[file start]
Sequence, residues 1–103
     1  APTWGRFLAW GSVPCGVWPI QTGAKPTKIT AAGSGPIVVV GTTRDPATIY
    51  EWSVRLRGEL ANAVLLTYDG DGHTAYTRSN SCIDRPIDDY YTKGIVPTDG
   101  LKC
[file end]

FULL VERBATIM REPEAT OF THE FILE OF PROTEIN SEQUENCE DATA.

Sequence, residues 1–103
     1  APTWGRFLAW GSVPCGVWPI QTGAKPTKIT AAGSGPIVVV GTTRDPATIY
    51  EWSVRLRGEL ANAVLLTYDG DGHTAYTRSN SCIDRPIDDY YTKGIVPTDG
   101  LKC